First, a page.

An admirer of Osama bin Laden and other terrorists, an America hater, a Maoist protester against the war on terror was honored on Thursday by Google with a “Google Doodle” on what would have been her 95th birthday on May 19th.
Her name is Yuri Kochiyama, an Asian-American, who fought for “for peace, U.S. political prisoners, nuclear disarmament, and reparations for Japanese Americans interned during the war.”
This was the write up that went along with the photo:
She participated in the radical Puerto Rican and black liberation movements and others, was a friend of the revolutionary Malcolm X.
She participated in an occupation of the Statue of Liberty in 1977 that called for the release of four Puerto Rican terrorists who shot up the House of Representatives in the 1950s. She also solicited support for figures like Yu Kikumura, a member of the Japanese Red Army who was convicted in 1988 of planning to bomb a U.S. Navy recruitment office, and Mumia Abu-Jamal, a Black Panther who was convicted of murdering a Philadelphia policeman in 1981.
She demonized the United States as the world’s “main terrorist” and enemy following the devastating September 11, 2001, terror attacks.
It was “predictable” she said. Al Qaeda wasn’t the enemy, the US was for trying to “[take] over the world.”
She argued against the “U.S. government’s fanatical targeting of an Osama bin Laden or a Saddam Hussein.”
“It’s important that we all understand that the main terrorist and the main enemy of the world’s people is the U.S. government,” Kochiyama said following the 9/11 attacks. “Racism has been a weakness of this country from the beginning. Throughout history, all people of color, and all people who don’t see eye-to-eye with the U.S. government have been subjected to American terror.”
Two years later, she lambasted the “aggressive” U.S. military and expressed admiration for Osama bin Laden, the leader of al Qaeda who American officials believe to be responsible for several acts of terror, including the 9/11 attacks.
“I consider Osama bin Laden as one of the people that I admire. To me, he is in the category of Malcolm X, Che Guevara, Patrice Lumumba, Fidel Castro, all leaders that I admire,” Kochiyama said.
She was an outspoken admirer of Mao Zedong even after the Great Leap Forward and Cultural Revolution. She praised Malcolm X for his “admiration for Mao and Ho Chi Minh,” and worked closely with the Revolutionary Action Movement, an “urban guerrilla warfare” organization based on “a synthesis of the thought of Malcolm X, Marx and Lenin, and Mao Zedong.” The activist Robert Williams gifted her with a copy of the Little Red Book, and she later thanked him for “the gift of Mao’s philosophy.”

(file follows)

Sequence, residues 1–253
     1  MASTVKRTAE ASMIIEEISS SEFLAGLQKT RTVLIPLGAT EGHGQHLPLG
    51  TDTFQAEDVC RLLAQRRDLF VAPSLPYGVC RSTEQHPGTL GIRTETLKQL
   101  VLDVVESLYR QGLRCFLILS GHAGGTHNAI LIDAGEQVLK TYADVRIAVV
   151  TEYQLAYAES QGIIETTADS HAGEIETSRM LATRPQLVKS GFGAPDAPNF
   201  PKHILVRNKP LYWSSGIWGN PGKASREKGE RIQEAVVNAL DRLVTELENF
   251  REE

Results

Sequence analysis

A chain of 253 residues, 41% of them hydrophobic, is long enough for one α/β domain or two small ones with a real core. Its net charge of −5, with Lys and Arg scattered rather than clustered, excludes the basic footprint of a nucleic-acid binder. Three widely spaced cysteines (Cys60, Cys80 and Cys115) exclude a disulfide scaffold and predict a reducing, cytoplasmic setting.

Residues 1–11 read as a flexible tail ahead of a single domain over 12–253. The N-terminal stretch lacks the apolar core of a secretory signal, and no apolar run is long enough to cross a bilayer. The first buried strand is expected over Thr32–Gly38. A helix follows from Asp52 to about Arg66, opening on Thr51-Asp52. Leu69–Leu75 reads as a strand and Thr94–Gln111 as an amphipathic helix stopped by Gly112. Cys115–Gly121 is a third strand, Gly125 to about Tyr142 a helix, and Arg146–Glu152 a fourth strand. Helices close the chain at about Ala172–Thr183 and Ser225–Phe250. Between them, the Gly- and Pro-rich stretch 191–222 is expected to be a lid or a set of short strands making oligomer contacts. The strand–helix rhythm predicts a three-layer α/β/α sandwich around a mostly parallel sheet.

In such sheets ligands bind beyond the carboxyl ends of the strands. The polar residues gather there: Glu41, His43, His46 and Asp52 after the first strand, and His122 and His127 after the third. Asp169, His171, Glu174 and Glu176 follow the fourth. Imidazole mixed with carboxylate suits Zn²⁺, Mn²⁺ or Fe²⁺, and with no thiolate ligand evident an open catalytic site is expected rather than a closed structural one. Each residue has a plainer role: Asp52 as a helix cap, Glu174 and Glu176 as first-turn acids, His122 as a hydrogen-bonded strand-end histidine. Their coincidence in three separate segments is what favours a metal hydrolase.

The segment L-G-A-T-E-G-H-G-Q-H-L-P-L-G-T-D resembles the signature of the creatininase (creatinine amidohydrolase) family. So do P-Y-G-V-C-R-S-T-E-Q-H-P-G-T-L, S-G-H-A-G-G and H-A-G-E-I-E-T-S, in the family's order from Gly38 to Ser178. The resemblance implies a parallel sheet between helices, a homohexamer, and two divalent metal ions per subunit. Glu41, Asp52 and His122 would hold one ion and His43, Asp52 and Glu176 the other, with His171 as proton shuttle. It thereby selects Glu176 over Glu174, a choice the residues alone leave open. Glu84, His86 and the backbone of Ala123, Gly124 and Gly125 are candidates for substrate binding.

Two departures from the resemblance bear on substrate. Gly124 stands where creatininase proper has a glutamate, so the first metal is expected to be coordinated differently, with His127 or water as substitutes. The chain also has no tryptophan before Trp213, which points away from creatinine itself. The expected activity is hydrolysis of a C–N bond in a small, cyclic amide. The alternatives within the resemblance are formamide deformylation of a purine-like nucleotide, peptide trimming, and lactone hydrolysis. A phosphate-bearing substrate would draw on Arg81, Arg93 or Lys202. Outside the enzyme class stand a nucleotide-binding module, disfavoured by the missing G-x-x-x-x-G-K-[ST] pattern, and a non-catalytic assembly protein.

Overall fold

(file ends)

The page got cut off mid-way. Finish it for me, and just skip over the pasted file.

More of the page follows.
Yuri was an enthusiastic supporter of the Peruvian terrorist group Shining Path, a Maoist organization that has conducted a brutal insurgency killing tens of thousands of people since 1980. Peru’s Truth and Reconciliation Commission found that Shining Path personally killed or disappeared at least 30,000, VOX reported.
“Its tactics include the burning of ballot boxes and the public ‘executions’ of moderate local leaders and others, including nuns and priests, who are seen as rivals for the allegiance of the poor,” according to a 1992 New York Times report. “In wildly exaggerated demonstrations of Maoist precepts, children have been killed for political ‘crimes.’ Amnesty International says the guerrillas routinely torture, mutilate and murder captives.”
“We reject and condemn human rights because they are reactionary, counter-revolutionary, bourgeois rights,” founder Abimael Guzmán declared in one document. “Rather than concentrate its attacks on the armed forces or police, Shining Path has predominantly singled out civilians,” Human Rights Watch noted in 1997.
When asked about her support for the al Qaeda leader killed by U.S. Navy SEALs in a raid years later, she said of al Qaeda, “Besides being strong leaders who brought consciousness to their people, they all had severe dislike for the U.S. government and those who held power in the U.S. I think all of them felt the U.S. government and its spokesmen were all arrogant, racist, hypocritical, self-righteous, and power hungry,” she continued.
Kochiyama then appeared to endorse “freedom fighters” who “revere” bin Laden and “join him in battle.”
“I do not care what the U.S. government or Americans feel—I think it’s shameful what this government has done from the beginning of its racist, loathsome history,” she stated later.
She was one of the few non-black individuals to join the Republic of New Afrika, a seditious group that claimed dominion over five states in the American South.
Kochiyama, who was nominated for a Nobel Peace Prize in 2005, died in June 2014 at the age of 93.
If you wonder why the Nobel Prize is a joke or why you should worry about Google working with the NSA and having complete power over the Internet, this is it.